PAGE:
Sunday I had the honor of preaching God’s Word to my church. I was teaching from the Gospel of Mark, chapter 11, and my fundamental point was that God doesn’t want a business deal with us, he wants a relationship. We often come to God with the attitude it’s not personal, it’s business. If we do our religious duty, say our prayers, go to church, etc, then God will keep his end of the deal and save us from Hell, fix our problems, etc. But, God doesn’t want a transaction, he wants a relationship. He doesn’t want a contract, he wants a commitment. He loves us and wants our love in return.
Having said that, I think the sermon caught a lot of people off guard. American evangelicalism has shoved a business transaction version of Christianity down our throats for over 100 years now. We’ve been so focused on manipulating people to “make a decision” or “repeat this prayer,” that we’ve come to think the decision or the exchange is the point of it all. And that model also fits well with the more fundamentalist/legalistic churches, like the one I grew up in.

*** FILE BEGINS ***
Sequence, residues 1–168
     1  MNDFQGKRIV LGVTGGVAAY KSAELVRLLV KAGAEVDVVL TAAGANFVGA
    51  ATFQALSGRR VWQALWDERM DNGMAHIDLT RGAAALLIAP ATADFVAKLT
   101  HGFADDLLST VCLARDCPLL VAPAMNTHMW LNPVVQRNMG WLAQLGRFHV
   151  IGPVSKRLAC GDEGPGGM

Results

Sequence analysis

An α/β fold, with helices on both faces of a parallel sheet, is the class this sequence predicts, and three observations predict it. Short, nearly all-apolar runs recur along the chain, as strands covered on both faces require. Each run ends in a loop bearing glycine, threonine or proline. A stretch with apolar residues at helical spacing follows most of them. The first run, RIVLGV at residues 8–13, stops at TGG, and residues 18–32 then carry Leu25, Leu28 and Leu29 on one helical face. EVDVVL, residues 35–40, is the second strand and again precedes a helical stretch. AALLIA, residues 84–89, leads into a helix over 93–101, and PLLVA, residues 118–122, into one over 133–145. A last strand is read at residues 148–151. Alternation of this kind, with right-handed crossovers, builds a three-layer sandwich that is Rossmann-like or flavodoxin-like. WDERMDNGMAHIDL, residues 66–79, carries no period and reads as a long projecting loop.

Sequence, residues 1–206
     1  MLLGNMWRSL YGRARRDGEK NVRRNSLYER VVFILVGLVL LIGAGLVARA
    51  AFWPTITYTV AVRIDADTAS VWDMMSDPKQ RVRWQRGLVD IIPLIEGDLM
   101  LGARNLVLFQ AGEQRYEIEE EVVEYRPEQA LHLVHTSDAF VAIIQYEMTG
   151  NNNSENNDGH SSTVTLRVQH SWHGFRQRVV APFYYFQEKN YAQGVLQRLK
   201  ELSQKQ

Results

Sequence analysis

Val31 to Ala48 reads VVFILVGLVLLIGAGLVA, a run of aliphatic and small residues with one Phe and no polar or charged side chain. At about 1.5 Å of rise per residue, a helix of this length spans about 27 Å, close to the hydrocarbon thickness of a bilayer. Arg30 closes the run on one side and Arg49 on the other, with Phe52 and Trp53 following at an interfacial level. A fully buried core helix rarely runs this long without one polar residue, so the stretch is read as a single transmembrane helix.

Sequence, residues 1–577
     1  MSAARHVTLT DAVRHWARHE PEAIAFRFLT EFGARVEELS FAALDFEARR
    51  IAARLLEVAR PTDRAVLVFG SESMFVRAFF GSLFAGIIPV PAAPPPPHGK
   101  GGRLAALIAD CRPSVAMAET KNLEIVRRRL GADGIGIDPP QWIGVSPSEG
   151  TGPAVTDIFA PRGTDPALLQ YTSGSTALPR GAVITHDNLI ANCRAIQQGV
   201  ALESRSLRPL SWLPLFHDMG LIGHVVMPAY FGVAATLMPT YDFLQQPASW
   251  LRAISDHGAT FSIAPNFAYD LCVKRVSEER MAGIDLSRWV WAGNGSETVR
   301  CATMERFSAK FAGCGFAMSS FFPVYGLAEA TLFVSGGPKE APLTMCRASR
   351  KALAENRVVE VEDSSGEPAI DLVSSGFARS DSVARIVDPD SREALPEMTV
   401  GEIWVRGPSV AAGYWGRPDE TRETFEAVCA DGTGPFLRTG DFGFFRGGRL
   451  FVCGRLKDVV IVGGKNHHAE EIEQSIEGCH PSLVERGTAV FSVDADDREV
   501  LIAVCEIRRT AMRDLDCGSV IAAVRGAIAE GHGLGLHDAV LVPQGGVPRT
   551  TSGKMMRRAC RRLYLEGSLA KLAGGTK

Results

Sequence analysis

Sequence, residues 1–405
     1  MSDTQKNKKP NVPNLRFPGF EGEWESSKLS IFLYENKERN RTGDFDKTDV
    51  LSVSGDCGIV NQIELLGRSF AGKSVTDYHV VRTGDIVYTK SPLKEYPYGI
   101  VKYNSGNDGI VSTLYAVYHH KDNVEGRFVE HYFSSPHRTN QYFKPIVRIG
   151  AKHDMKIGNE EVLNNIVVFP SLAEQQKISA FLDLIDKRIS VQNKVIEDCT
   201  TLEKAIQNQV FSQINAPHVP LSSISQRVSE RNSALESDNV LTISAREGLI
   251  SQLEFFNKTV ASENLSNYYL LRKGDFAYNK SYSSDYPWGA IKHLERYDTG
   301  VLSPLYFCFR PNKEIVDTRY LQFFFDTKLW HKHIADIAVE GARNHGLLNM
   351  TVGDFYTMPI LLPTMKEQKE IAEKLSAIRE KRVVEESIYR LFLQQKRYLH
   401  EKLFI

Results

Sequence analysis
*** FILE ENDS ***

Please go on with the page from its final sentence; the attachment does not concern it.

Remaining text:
To be sure, there is a transaction that takes place. We exchange our sin for Jesus’ righteousness. We give control of our lives to him, and he gives eternal life to us. But the problem arises when we think the transaction is the point, or the end, of it all. Actually, the transaction happens so that we can have a relationship. The relationship is impossible as long as we’re stained with sin. So God makes this exchange to cleanse away our sin, and then we’re free to enjoy a relationship with him as our Father in Heaven.
I was raised in a fundamentalist/legalistic church that was just like the religious leaders in Jesus’ day, and I doubted my faith often when my prayers weren’t answered like I thought they should be. I once prayed for two years for God to cure my nearsightedness so I wouldn’t have to wear glasses… I thought I just lacked the faith and wasn’t keeping the rules well enough. In reality, I was as spiritually myopic as I physically myopic! God did cure my spiritual nearsightedness, and for that I am eternally grateful. I hope you enjoy this message and I welcome your feedback!